Bottom Up Approach

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Bottom-Up Approach

The advantages of this approach are:

  • Faster and easier implementation of manageable piece
  • Favorable return on investment and proof of concept
  • Less risk of failure
  • Inherently incremental; can schedule important data marts first
  • Allows project team to learn and grow

The disadvantages are:

  • Each data mart has its own narrow view of data
  • Permeates redundant data in every data mart
  • Perpetuates inconsistent and irreconcilable data
  • Proliferates unmanageable interfaces

In this bottom-up approach, you build your departmental data marts one by one. You would set a priority scheme to determine which data marts you must build first. The most severe drawback of this approach is data fragmentation. Each independent data mart will be blind to the overall requirements of the entire organization.

Courtesy: Data Warehouse Fundamentals – Paulraj Ponniah

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Top Down Approach

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Top-Down Approach

The advantages of this approach are:

  • A truly corporate effort, an enterprise view of data
  • Inherently architected—not a union of disparate data marts
  • Single, central storage of data about the content
  • Centralized rules and control
  • May see quick results if implemented with iterations

The disadvantages are:

  • Takes longer to build even with an iterative method
  • High exposure/risk to failure
  • Needs high level of cross-functional skills
  • High outlay without proof of concept

This is the big-picture approach in which you build the overall, big, enterprise-wide data warehouse. Here you do not have a collection of fragmented islands of information. The data warehouse is large and integrated. This approach, however, would take longer to build and has a high risk of failure. If you do not have experienced professionals on your team, this approach could be dangerous. Also, it will be difficult to sell this approach to senior management and sponsors. They are not likely to see results soon enough.

Courtesy: Data Warehouse Fundamentals – Paulraj Ponniah

 

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Cleaning

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Although this step is where the most transformations are needed, usually, we`ll mostly use the ETL tool features. During this step, data cleaning, data quality checks and data integration are performed. This means that individual columns are checked for valid data (e.g. ranges for numeric values) and business rules are enforced. Also, data from different sources are integrated.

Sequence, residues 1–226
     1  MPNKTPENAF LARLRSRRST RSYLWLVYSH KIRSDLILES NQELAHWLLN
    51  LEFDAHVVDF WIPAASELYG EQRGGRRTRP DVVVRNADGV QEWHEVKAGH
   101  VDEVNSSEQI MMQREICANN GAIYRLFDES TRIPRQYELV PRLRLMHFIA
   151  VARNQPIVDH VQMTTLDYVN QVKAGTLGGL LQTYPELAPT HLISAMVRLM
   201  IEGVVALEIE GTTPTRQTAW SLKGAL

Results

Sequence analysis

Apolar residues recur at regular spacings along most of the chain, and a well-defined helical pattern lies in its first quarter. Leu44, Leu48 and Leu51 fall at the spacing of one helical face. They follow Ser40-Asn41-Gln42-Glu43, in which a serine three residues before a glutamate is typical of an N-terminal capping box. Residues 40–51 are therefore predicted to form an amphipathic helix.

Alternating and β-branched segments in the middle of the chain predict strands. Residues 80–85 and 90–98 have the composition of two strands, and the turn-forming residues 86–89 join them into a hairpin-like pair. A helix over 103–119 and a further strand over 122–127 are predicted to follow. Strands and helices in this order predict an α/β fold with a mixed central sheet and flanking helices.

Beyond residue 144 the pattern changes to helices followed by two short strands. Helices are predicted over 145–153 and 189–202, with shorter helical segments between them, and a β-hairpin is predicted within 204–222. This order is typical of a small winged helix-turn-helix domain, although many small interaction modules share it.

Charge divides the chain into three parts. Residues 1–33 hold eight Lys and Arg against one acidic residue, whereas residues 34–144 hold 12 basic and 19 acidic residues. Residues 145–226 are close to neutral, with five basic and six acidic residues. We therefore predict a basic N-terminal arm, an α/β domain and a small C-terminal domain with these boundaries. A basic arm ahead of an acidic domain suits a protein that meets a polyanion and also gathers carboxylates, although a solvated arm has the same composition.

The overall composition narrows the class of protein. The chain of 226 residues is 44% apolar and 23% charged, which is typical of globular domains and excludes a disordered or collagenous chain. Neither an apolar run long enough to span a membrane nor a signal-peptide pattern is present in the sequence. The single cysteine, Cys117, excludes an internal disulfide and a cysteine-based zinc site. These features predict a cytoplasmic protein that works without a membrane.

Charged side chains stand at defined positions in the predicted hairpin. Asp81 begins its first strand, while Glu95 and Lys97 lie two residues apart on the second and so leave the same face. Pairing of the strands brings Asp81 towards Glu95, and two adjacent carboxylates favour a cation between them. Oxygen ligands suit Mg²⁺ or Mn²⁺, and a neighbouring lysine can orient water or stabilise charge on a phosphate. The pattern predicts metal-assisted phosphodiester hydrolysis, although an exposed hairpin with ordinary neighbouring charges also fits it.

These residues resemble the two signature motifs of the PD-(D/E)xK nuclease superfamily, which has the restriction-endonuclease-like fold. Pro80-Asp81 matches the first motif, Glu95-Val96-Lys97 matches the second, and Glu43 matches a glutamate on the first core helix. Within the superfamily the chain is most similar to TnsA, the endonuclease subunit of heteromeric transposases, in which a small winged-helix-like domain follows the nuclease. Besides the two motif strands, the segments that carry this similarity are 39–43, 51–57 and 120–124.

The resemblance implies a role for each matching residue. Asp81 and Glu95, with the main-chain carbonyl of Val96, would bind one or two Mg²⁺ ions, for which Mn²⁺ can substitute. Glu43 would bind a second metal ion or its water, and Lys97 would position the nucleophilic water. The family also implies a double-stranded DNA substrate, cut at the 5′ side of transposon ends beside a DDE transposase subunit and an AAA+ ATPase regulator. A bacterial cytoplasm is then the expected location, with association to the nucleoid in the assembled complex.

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Dimension Tables

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Dimension Tables

Dimension tables are used to describe, filter and aggregate the data that is collected for a specific activity or event. Practically they can be considered as the by words when defining the information content of a report. For example number of encounters by month by provider. Dimensions have relatively few rows compared to the fact tables, but have many descriptive textual attributes. Many times they contain hierarchies, for example location, province, country and are highly denormalized, storing even multiple hierarchies in a single table. A dimension has a primary key, that is usually a meaningless, unique integer, called a surrogate key. These keys are handled by the ETL process and are used to join dimensions to fact tables. In addition, a dimension has one or more fields that serve as the natural key of the table and are based on fields that come from the source system. When we track changes in a dimension there is a one-to-many relationship between a natural key and a surrogate key. Finally, a dimension contains many (hopefully) descriptive attributes.

Delivering Dimension Tables

At this step the dimension tables are loaded with the new and changed data. Dimension tables consist of a primary key (which is a meaningless integer key – a surrogate key), which is used to join to fact tables, a natural key which is based on fields of the source system, that doesn`t change over time or across systems (e.g. for a patient dimension we use the patient identifier for natural key, not a patient id) and descriptive attributes.
We also need to handle changes to dimension attributes. There are three approaches:
1. Overwrite the existing dimension record (type 1 slowly changing dimension)
In this case we use an update else insert (merging) functionality.
2. A new dimension record is created with a new surrogate key, but the same natural key (type 2 slowly changing dimensions).
If a dimension contains attributes that are handled as above, we`ll add two fields: a row effective datetime (exact datetime of change) and a row end datetime (exact datetime of next change). This way, we know the interval a record was valid.
3. Two columns are created for each attribute that we want to track changes. The first column contains the most recent value and the second column contains the old value.
For the moment Type 1 is used.
Other Issues:

  • Generating surrogate keys
  • Date Dimension
  • Dimensional Roles
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Degenerate Dimensions

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We sometimes want to store identifiers coming from source systems transaction tables in the data warehouse, for purposes of grouping rows, tracking where the data come from or using them as primary keys in fact tables. We don`t create a separate dimension for these attributes as they would contain only one field, so we store them directly on the fact table and call them degenerate dimensions (for example observation id, encounter id).

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